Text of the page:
England, Wales and Scotland nations had among the highest rate of deaths from all causes, including COVID-19, as a result of the first wave of the pandemic, according to an international study.
The research, led by Imperial College London and published in the journal Nature Medicine, analysed weekly death data from 21 industrialised countries between mid-February and end of May.
Analysing deaths from all causes, not just from COVID-19, provides a comprehensive picture of the impact of the pandemic across each nation.
Although there have been over one million confirmed global deaths from COVID-19 infection, the pandemic can also result in an increase in deaths from other health conditions, due to a disruption in healthcare services, or economic and social factors.
To assess the total number of deaths in the first wave of the pandemic, from COVID-19 and all other causes, the researchers used a range of statistical models to estimate the ‘normal’ level of deaths that would have occurred in these nations without the pandemic, between mid-February and end of May. They also took into account a host of factors including temperature and other seasonal fluctuations, and general short-term and long-term trends in these countries.
These normal levels were then compared to the actual deaths, which showed the total death toll of the first wave of the COVID-19 pandemic.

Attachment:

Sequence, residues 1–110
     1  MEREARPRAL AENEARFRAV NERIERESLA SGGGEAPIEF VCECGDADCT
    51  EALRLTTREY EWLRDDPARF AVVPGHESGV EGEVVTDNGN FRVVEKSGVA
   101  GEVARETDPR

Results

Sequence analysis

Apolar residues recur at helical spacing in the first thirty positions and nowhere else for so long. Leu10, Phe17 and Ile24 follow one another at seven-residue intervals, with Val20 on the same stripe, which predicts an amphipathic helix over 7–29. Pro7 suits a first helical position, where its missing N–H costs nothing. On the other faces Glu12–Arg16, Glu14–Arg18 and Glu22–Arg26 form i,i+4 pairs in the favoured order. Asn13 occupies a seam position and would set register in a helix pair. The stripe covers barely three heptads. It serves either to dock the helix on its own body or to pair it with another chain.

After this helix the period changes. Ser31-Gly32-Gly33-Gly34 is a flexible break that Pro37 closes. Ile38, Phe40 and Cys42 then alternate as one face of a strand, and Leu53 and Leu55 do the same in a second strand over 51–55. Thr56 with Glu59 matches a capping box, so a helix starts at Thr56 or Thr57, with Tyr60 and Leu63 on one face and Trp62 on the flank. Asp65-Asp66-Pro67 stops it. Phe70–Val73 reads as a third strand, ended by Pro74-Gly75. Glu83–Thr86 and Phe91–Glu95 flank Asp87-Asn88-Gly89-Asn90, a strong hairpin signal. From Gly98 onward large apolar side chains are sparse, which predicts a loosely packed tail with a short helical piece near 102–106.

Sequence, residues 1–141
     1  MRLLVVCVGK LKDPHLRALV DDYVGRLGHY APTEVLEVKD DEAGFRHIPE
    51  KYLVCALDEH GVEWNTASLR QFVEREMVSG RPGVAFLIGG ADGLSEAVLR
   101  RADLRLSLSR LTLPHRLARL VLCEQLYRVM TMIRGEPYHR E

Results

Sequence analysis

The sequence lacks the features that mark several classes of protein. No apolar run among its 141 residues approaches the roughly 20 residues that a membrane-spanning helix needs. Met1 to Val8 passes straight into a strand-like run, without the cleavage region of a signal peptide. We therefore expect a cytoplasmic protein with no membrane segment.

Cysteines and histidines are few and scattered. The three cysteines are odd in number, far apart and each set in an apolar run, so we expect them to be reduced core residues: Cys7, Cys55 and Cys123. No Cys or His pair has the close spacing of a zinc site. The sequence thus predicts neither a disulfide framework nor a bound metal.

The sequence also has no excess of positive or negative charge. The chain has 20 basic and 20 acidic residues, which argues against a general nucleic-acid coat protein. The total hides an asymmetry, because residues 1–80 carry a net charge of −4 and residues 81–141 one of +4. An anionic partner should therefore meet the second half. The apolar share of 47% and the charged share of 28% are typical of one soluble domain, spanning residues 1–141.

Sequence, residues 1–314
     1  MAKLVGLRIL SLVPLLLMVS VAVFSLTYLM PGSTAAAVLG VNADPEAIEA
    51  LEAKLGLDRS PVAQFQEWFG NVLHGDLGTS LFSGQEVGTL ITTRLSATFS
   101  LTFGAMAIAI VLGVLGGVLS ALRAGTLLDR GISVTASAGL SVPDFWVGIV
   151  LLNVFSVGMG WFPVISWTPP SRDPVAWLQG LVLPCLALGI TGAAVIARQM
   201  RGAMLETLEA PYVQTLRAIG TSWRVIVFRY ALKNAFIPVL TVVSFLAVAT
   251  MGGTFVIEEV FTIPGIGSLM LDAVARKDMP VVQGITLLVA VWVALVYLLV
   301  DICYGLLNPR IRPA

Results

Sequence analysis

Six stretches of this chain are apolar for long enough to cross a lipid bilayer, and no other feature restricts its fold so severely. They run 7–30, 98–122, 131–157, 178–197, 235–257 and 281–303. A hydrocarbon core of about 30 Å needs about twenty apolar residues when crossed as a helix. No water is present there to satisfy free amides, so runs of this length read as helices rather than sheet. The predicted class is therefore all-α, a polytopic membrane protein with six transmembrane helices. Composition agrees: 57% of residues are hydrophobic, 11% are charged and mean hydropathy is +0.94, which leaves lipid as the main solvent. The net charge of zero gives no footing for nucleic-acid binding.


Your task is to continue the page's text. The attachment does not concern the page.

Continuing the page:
Between mid-February and end of May, 206,000 more people died from all causes in these 21 countries than would have been expected had the pandemic not taken place. This amounts to an 18% increase in deaths over this period in these countries combined.
This number (206,000) is similar to the total number of deaths from lung cancer in these countries in an entire year, and more than twice the number of deaths from diabetes or breast cancer in these countries in an entire year.
England and Wales accounted for 28% of excess deaths across all countries combined, while Italy accounted for 24%, and Spain 22%.
The study team included researchers from Imperial’s MRC Centre for Environment and Health and Abdul Latif Jameel Institute for Disease and Emergency Analytics, and from collaborating institutions throughout Europe. They included countries in the analysis if their total population in 2020 was over four million, and if the team could access weekly data on total mortality, divided by age group and sex, that went back at least to 2015 and extended through late May 2020.
The 21 countries in the analysis were Australia, Austria, Belgium, Bulgaria, Czechia, Denmark, England and Wales, Finland, France, Hungary, Italy, Netherlands, New Zealand, Norway, Poland, Portugal, Scotland, Slovakia, Spain, Sweden and Switzerland.
There was very little difference in the death rate between men and women – 105,800 deaths were in men and 100,000 in women. This suggests the total death toll of the pandemic on men and women, during this study period, was similar.
Dr Vasilis Kontis, lead author of the research from the School of Public Health at Imperial, said: “The pandemic has affected people’s lives and health in so many ways. For instance, some people may have had an operation or treatment delayed, or might have lost the support they need with their day to day medical needs. Taking these factors into account, looking at deaths from COVID-19 infection alone is too limited; looking at deaths from all causes allows us to better understand how well countries handled the pandemic, and how well they have supported their people during lockdown measures.”